Application Project (500 points out of 1,000)

There are five assignments in this course, which constitute the five stages (including one early draft) of an overall course project. Specific instructions will be provided for each stage separately. These stages build on one another in order to provide the background knowledge needed to complete the final deliverable.

Individual assignments and quizzes: (12% of Final Grade Calculation)

  1. Orientation Quiz, Module 1 (60 pts)
  2. Wiki Contributions (60 pts): Meaningful contributions to the course wiki in 12 of the fourteen weeks.

Grading Policy

Student assignments are due according to the dates in the Course Outline. The instructor will post grades within one week of assignment due dates.

We generally do not directly grade spelling and grammar. However, egregious violations of the rules of the English language will be noted without comment. Consistently poor performance in either spelling or grammar is taken as an indication of poor written communication ability that may detract from your grade.

A grade of A indicates achievement of consistent excellence and distinction throughout the course—that is, conspicuous excellence in all aspects of assignments and discussion in every week.

A grade of B indicates work that meets all course requirements on a level appropriate for graduate academic work. These criteria apply to both undergraduates and graduate students taking the course.

Score RangeLetter Grade
100-98= A+
97-94= A
93-90= A−
89-87= B+
86-83= B
82-80= B−
79-77= C+
76-73= C
72-70= C−
69-67= D+
66-63= D
<63= F

Final grades will be determined by the following weighting:

Item1,000 points total
Preparation and Participation (Module Discussions)280
Survey Paper100
Course Project500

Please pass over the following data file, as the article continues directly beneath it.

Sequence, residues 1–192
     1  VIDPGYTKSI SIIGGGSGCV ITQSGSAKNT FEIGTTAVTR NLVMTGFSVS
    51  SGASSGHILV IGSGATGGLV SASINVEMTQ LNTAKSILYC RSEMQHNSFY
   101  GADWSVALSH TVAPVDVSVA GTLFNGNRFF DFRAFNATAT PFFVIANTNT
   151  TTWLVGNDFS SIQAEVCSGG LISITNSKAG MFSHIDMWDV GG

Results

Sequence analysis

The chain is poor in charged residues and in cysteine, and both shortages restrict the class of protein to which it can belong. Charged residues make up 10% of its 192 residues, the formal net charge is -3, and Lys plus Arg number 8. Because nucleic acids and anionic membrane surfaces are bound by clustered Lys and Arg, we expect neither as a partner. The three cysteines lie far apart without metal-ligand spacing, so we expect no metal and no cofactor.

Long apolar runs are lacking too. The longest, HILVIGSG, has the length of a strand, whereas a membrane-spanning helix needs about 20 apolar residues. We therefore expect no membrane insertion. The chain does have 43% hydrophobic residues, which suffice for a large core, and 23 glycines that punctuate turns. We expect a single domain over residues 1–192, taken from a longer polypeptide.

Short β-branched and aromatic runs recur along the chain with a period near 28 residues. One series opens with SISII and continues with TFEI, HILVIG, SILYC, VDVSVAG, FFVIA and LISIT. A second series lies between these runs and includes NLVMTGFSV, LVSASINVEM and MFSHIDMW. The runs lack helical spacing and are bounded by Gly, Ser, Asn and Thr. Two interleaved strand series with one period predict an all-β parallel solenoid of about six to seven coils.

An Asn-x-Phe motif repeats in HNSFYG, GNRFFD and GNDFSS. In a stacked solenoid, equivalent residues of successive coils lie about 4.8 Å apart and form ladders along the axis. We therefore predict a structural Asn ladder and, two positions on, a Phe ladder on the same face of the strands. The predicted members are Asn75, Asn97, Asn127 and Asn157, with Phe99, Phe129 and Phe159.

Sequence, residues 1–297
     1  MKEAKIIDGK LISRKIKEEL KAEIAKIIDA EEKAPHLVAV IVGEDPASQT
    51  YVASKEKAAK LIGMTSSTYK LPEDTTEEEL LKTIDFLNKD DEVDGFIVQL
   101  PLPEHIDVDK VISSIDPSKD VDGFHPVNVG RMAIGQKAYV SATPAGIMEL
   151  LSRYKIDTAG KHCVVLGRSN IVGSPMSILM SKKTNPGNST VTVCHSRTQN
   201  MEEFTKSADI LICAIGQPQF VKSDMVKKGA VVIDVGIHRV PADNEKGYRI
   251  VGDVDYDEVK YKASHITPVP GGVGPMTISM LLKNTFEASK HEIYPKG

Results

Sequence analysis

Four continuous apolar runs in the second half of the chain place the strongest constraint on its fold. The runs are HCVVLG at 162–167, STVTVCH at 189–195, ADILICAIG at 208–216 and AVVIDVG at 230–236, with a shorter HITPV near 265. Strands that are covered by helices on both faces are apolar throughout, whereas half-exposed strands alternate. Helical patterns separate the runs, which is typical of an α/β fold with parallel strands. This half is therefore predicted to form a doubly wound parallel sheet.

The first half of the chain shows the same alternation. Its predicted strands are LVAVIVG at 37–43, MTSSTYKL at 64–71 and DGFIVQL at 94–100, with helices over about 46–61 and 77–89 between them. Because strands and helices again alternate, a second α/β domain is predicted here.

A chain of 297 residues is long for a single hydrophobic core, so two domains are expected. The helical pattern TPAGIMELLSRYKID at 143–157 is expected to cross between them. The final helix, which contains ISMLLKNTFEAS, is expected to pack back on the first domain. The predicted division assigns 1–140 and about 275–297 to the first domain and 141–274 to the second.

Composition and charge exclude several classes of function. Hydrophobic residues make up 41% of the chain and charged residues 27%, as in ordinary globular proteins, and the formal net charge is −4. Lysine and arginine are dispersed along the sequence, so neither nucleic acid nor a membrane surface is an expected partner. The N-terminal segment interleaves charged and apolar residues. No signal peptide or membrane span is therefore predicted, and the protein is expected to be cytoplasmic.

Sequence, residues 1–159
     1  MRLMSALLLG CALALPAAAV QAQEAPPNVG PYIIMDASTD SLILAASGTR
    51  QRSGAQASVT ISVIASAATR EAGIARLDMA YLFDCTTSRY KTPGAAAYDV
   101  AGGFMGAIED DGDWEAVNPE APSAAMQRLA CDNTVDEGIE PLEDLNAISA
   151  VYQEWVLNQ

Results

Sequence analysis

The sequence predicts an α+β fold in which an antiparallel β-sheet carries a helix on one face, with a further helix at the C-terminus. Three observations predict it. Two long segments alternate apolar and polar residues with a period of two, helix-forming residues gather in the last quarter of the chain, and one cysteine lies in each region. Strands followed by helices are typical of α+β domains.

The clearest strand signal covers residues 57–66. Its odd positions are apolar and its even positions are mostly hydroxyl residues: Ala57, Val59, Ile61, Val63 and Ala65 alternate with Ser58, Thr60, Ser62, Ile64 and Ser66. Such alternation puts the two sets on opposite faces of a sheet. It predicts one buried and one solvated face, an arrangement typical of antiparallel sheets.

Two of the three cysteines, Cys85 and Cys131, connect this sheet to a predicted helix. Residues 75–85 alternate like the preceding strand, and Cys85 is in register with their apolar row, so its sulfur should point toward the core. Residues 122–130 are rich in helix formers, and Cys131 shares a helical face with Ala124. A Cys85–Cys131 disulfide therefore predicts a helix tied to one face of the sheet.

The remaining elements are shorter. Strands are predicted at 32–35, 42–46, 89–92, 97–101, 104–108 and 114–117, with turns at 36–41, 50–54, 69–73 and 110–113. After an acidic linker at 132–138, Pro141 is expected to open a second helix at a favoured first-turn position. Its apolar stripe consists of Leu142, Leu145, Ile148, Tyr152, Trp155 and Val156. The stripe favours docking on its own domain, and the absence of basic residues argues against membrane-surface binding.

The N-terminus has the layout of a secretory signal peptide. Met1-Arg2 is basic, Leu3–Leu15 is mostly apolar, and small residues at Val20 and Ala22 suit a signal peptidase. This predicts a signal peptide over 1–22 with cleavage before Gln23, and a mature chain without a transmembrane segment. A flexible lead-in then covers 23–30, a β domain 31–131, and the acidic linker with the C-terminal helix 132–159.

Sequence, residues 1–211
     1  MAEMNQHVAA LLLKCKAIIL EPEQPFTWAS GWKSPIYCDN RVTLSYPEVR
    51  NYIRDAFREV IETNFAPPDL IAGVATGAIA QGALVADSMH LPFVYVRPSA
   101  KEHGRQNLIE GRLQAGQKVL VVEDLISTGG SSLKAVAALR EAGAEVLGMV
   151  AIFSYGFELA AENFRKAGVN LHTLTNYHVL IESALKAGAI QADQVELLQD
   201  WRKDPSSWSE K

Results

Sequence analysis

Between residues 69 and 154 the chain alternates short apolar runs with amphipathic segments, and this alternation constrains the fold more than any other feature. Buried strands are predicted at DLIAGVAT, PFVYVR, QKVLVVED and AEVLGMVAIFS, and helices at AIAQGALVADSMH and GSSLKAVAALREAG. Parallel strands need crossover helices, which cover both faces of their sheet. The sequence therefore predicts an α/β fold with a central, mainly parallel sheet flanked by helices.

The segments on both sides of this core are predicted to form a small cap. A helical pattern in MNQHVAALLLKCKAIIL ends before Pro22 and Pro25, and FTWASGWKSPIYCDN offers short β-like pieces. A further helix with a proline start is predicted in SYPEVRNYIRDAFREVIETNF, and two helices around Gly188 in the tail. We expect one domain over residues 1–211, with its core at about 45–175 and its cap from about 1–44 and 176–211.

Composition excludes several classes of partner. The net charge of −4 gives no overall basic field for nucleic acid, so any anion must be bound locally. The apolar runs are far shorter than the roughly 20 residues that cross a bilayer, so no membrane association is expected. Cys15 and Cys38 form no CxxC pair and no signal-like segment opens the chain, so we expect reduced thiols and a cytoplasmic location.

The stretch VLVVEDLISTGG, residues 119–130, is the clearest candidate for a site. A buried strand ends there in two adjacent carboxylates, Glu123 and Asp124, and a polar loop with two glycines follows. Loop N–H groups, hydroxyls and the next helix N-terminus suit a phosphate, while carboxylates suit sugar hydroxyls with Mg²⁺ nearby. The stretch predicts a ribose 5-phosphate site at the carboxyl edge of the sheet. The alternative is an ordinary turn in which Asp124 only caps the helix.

Academic Policies

Deadlines for Adding, Dropping and Withdrawing from Courses

Students may add a course up to one week after the start of the term for that particular course. Students may drop courses according to the drop deadlines outlined in the EP academic calendar (https://ep.jhu.edu/student-services/academic-calendar/). Between the 6th week of the class and prior to the final withdrawal deadline, a student may withdraw from a course with a W on their academic record. A record of the course will remain on the academic record with a W appearing in the grade column to indicate that the student registered and withdrew from the course.

Academic Misconduct Policy

All students are required to read, know, and comply with the Johns Hopkins University Krieger School of Arts and Sciences (KSAS) / Whiting School of Engineering (WSE) Procedures for Handling Allegations of Misconduct by Full-Time and Part-Time Graduate Students.

This policy prohibits academic misconduct, including but not limited to the following: cheating or facilitating cheating; plagiarism; reuse of assignments; unauthorized collaboration; alteration of graded assignments; and unfair competition. Course materials (old assignments, texts, or examinations, etc.) should not be shared unless authorized by the course instructor. Any questions related to this policy should be directed to EP’s academic integrity officer at ep-academic-integrity@jhu.edu.